The Gaslight District: The Dangerous Precedents Being Set by the Woody Allen Molestation Case
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The Gaslight District: The Dangerous Precedents Being Set by the Woody Allen Molestation Case

By Courtney Enlow | Think Pieces | February 10, 2014 | Comments ()


The internet has been permeated with Woody Allen/Dylan Farrow think pieces over the past few weeks. With its level of cultural saturation, some people have actually grown sick of this story.

And they should. Because it’s sickening.

The reporting of this story and its importance in our culture is always met with that great old chestnut: “aren’t there more important things in the world?” These are my reasons why the answer is no. This is what this story means. This is what we face at its hands. This is why this story, the story of Dylan Farrow, is everything.

Dangerous Precedent No. 1: The idea that a victim should not be taken at her word.

This is the most dangerous idea to come out of this whole debacle. That a victim of abuse, an adult whose story remains unchanged, is lying or at the very least telling an implanted untruth. If victims cannot be taken at face value, everything falls apart for every other victim in the future. She is not a victim of abuse; she is a damaged and unstable girl who doesn’t know what she’s talking about. She is not a victim of a father who abused her; she is the victim of a horrible mother who used her against the innocent man. This is disgusting on every possible level.

Dangerous Precedent No. 2: The gaslighting of an understandably emotional mother.

Shortly before his New York Times response, CBS made available its 1992 “60 Minutes” interview with Allen wherein he alleged menacing phone calls, including late-night death threats, and a Valentine’s Day card featuring a needle-packed family portrait with a steak knife plunged into its heart.

Sure, the valentine is freaky, a headline-grabber to be sure. But these efforts to point out Mia Farrow’s insanity, the crazed actions of a woman scorned and left for a younger woman, are also consistent with a woman whose child had just been molested. And not only a woman whose child had just been molested, but a woman whose husband had left her for another one of her children. Why and how are people still excusing that relationship as healthy and acceptable? Why is Farrow made the unreasonable one? Why is the story that she was the abandoned older women left for a younger model? How has that become the narrative?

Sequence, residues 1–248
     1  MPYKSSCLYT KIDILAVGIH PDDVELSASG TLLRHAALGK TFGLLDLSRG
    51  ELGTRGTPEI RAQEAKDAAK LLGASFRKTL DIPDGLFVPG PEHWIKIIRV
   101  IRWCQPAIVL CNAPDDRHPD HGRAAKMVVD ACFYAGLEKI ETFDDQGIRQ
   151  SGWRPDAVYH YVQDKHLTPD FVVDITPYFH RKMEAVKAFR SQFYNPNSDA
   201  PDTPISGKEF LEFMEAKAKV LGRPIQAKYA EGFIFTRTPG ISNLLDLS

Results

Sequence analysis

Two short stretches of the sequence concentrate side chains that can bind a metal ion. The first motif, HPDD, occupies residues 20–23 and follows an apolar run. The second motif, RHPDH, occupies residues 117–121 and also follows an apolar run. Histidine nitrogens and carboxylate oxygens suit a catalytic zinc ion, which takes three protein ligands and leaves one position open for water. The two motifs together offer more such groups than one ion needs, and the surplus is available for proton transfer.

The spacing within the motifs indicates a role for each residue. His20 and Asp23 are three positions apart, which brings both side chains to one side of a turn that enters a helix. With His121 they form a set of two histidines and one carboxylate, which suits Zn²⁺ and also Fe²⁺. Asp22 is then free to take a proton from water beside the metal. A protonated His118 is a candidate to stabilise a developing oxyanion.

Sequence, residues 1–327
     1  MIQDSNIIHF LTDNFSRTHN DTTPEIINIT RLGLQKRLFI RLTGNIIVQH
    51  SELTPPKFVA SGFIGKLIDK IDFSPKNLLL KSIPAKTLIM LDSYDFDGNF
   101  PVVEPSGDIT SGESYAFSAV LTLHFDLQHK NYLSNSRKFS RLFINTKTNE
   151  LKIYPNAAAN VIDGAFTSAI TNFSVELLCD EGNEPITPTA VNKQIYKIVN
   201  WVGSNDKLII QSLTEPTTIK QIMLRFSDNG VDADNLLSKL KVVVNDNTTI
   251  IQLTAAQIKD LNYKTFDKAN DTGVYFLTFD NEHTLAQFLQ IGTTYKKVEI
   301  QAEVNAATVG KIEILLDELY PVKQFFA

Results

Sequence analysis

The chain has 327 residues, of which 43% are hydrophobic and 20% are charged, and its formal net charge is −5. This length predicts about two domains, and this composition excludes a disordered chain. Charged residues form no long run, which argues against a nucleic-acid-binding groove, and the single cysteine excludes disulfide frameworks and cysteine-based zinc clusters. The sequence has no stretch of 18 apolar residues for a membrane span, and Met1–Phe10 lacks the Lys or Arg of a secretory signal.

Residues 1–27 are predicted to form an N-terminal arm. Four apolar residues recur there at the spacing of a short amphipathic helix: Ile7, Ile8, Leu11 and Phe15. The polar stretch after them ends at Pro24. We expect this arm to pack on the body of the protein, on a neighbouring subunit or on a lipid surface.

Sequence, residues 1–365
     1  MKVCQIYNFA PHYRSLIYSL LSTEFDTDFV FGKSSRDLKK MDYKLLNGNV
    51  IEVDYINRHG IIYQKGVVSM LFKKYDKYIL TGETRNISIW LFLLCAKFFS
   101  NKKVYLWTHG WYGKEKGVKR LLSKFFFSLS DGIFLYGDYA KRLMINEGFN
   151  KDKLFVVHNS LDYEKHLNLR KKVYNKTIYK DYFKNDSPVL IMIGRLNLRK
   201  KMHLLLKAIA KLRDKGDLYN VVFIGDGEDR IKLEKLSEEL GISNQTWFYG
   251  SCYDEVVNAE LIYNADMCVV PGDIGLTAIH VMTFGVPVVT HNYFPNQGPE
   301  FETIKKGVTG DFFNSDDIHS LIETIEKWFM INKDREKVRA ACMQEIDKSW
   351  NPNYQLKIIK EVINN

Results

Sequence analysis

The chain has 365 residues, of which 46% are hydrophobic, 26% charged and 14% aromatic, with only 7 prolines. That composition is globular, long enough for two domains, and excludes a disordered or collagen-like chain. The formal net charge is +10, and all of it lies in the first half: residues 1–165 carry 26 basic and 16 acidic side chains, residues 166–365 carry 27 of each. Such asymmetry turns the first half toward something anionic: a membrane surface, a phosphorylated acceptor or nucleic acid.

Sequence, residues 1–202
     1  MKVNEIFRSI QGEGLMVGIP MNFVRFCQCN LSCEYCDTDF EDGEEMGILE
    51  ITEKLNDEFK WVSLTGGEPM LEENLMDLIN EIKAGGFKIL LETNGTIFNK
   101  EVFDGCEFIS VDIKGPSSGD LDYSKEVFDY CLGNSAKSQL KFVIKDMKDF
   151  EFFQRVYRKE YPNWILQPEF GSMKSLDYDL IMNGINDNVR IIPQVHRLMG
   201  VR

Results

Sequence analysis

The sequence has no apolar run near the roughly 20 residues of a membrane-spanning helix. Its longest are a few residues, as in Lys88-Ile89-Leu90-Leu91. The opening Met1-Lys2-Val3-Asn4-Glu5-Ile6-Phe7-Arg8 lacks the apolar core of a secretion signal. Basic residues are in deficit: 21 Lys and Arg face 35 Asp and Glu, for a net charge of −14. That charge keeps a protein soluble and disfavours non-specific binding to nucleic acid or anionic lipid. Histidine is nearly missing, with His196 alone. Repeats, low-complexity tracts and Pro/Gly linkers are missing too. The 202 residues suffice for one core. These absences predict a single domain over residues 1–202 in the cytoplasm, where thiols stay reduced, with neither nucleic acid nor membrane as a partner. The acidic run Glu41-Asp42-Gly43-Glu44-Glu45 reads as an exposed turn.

Dangerous Precedent No. 3: The distinction between adoptive and biological parents.

As pointed out on Twitter by Daniel Mendelsohn, there is a hideously subtle message behind the media’s insistence upon pointing out that Allen is Dylan Farrow’s “adoptive” father. This does not make the act of molestation better or more OK. The presence of a shared DNA does not a parent make. That is her father. When you adopt a child, you become a parent, and by constantly reiterating that Allen is her “adoptive” father, it is not, as I believe they think, good and accurate reporting. It is a damning hint toward acceptance, toward tolerance.

I don’t care where you fall on the Woody Allen innocence spectrum. But this is about much, much more than the funny little guy with glasses getting in trouble. This is about more than what his guilt means for your favorite movies. This is about that 7-year-old girl and all the others like her and what this could mean for all of them going forward.

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